I really don't think you'll find another SB Nation NFL editor who is less sensationalistic than I am with what I publish and promote. We all do a pretty good job of that actually. But anyway, I just don't think anyone wants to hear me wag my finger at others. We're here to talk football, not morality. I'd normally pass, but I can't resist commenting on the recent story about Kansas City Chiefs linebacker Mike Vrabel being arrested last night at an Indiana casino for stealing bottles of alcohol out of a deli shop. Pathetic stuff from a celebrated veteran. Quite honestly, if I were in his shoes, I'd probably feel less embarrassed by getting charged with DUI than I would an incident like this.
In case you didn't hear the story, Mike Vrabel was arrested at around 5:30 Tuesday morning for stealing alcohol from a deli mart inside an Indiana casino. The former Pittsburgh Steelers draft pick and multiple Super Bowl champion with the Patriots was charged with a Class-D felony, the lowest form of felony crime in the state. He was released after posting $600 bond late this morning. Here's what Vrabel had to say for himself about the incident:
"It was an unfortunate misunderstanding, and I take full responsibility for the miscommunication," Vrabel told ProFootballTalk.com in a statement through his agent Neil Cornrich. "I feel comfortable that after talking with the appropriate parties, we will resolve this matter."
Misfortunate? Definitely. A misunderstanding? I don't know about that. What's there to be confused about?
I probably should refrain from any sort of speculation and stick to the bigger picture which I'll get to shortly, but here's most likely what happened: being that it was 5:30 am, liquor and beer sales were certainly over and done with from the night before and not yet re-opened for the new day. After a night of gambling, Vrabel likely wasn't ready to call it a night just yet and instead wanted to throw down a few more brews. What's the easiest option? Steal it!
Vrabel's quote screams of -- 'wait, I'm not a thief, I just knew I couldn't buy booze at that hour. Total misunderstanding! But seriously, I'm not a low-life shoplifter.'
I believe you Mike. I know if you had been able to purchase the booze during regular hours, you would have perfectly willing to. But shouldn't a 35-year old multi-millionaire be both (A) rich enough to plan ahead, even if it means paying some minion to scurry off right before stores stopped selling and (B) seasoned enough at partying to know that you better get your party favors in order ahead of time, especially in a conservative state like Indiana where indulgence is curbed by state laws? One would think so.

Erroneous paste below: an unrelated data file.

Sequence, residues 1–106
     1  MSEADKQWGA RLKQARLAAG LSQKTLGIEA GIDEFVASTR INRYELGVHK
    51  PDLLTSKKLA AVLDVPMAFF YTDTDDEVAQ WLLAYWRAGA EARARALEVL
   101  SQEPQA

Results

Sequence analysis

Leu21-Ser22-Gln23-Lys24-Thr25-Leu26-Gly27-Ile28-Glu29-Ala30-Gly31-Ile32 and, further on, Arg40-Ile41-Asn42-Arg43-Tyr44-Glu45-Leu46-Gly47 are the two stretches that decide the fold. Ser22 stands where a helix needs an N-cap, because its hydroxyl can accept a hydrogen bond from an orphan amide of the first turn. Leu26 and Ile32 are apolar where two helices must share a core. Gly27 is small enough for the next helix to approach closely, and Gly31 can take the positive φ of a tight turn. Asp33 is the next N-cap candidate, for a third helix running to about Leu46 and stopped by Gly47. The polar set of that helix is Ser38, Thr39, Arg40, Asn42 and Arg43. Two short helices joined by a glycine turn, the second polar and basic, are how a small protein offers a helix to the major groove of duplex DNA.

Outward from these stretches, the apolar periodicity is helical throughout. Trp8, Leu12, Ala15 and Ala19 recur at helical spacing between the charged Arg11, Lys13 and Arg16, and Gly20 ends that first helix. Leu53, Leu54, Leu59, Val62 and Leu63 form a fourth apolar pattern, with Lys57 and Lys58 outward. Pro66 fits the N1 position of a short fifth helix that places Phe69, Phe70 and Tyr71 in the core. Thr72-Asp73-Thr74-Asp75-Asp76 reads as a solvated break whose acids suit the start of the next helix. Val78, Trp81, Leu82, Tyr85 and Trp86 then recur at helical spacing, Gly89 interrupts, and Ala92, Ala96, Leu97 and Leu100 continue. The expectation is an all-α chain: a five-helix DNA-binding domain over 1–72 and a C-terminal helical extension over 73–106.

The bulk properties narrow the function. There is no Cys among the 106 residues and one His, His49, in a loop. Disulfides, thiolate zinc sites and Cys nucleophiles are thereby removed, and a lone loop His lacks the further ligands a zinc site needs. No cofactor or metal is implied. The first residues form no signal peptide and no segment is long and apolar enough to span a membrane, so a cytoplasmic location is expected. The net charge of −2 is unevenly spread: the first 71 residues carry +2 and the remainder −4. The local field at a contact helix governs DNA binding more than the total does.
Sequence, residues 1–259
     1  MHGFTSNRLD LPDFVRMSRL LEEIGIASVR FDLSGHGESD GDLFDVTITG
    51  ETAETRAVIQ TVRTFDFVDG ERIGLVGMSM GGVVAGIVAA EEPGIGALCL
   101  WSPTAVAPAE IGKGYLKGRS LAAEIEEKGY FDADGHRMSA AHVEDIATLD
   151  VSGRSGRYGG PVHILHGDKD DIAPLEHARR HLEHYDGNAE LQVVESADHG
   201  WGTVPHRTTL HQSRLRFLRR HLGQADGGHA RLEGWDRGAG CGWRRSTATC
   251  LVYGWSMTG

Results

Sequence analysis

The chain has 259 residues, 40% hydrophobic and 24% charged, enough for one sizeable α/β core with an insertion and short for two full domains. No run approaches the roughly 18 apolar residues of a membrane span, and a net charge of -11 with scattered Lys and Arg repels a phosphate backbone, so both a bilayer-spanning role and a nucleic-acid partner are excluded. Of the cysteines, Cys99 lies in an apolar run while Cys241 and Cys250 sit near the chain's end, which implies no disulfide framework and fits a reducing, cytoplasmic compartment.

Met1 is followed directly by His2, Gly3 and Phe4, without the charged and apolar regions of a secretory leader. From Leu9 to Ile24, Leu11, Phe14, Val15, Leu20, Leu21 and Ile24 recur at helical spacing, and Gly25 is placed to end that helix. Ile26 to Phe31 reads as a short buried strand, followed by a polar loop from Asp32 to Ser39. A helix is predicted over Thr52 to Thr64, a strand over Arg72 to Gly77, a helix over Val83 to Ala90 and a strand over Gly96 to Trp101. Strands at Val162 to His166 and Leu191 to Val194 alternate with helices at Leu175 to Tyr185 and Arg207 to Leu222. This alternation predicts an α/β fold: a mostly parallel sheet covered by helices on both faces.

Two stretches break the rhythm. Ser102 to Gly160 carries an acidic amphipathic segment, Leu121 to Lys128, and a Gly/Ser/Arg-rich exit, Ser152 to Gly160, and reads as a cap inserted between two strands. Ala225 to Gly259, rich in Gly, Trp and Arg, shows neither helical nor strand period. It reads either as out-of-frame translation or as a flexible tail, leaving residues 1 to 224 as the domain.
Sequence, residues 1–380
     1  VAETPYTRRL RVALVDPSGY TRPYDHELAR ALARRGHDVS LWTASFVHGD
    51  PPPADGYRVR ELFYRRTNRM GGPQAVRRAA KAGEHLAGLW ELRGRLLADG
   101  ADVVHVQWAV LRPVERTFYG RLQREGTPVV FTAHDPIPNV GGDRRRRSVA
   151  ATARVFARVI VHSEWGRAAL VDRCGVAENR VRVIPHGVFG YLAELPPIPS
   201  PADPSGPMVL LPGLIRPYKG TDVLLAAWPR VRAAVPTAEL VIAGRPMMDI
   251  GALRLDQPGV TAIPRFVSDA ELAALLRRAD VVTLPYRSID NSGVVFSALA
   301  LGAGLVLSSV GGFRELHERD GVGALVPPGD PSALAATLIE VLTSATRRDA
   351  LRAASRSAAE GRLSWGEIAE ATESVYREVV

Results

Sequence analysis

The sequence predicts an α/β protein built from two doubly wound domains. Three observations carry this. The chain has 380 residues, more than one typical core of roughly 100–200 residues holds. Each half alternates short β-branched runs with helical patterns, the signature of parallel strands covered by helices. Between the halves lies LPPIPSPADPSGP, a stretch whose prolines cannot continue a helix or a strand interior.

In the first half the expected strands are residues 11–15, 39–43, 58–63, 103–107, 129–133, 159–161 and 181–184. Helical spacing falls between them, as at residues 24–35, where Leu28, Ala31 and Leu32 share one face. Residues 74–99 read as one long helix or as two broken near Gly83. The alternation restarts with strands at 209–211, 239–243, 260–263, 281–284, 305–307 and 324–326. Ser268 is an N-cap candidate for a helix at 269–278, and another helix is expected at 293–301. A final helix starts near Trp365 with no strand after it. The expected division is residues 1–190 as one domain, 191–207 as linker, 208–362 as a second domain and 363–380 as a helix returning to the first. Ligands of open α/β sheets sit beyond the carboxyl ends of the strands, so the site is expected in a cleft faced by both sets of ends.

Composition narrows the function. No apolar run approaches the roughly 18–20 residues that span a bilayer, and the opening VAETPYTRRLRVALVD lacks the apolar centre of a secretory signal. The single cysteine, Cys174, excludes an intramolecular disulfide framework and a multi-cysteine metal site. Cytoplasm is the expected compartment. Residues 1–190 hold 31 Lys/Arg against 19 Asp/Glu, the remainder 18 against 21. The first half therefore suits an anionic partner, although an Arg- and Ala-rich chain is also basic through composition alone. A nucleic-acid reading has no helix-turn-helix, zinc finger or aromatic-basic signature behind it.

Obviously you can't tell the members of a union that big to stay away from casinos, excessive displays of wealth, stupid behavior, etc. But of all the guys who you think should be able to stay out of the press during the lockout, it would be those members of the executive committee that are representing the players in the lawsuit brought against the NFL and its owners. In the grand scheme of things, this won't really come into play in the CBA negotiations, and Vrabel's image won't really be tarnished in any sort of substantive, lasting way. But even though most of us fans don't expect these guys to be angels off the field, it really is quite a disturbing incident considering the state of affairs in the league right now. Vrabel didn't need to be tucked into bed sound asleep early or reading legal papers, but don't forget that on Wednesday, a Minnesota District Court will hear the motion for a preliminary injunction brought by the players.
All we've heard is how desperately the players want this lockout to end. Well, there's a lot at stake on Wednesday in that fight. And just two nights before, one of the faces of the lawsuit is out ganking liquor because he's not yet ready to call it a night, sloppily unprepared, and undisciplined enough to wait just a few short hours before bars start serving again. Yikes. Pathetic.
What concerns me though is not the incident. Whatever, I have friends who have done things like that. And I know how much it sucks to not be able to purchase a drink when you want one. What I'm worried is that players are perhaps a bit too casual that this whole mess is just going to magically sort itself out in time for the 2011 season. Maybe it will, maybe it won't. Again, it's not like these guys can't take the process seriously without enjoying themselves from time to time. But as the lockout potentially draws into the summer months, the patience of fans might stsrt to stretch thin. And I know some folks will be increasingly unimpressed and feel betrayed if their favorite players continue to go about their extracurricular business without stopping to think how the public will perceive them.
Okay that's enough from me! Let's hope our favorite players stay out of the press while we wait for a resolution to the labor impasse. Go Steelers!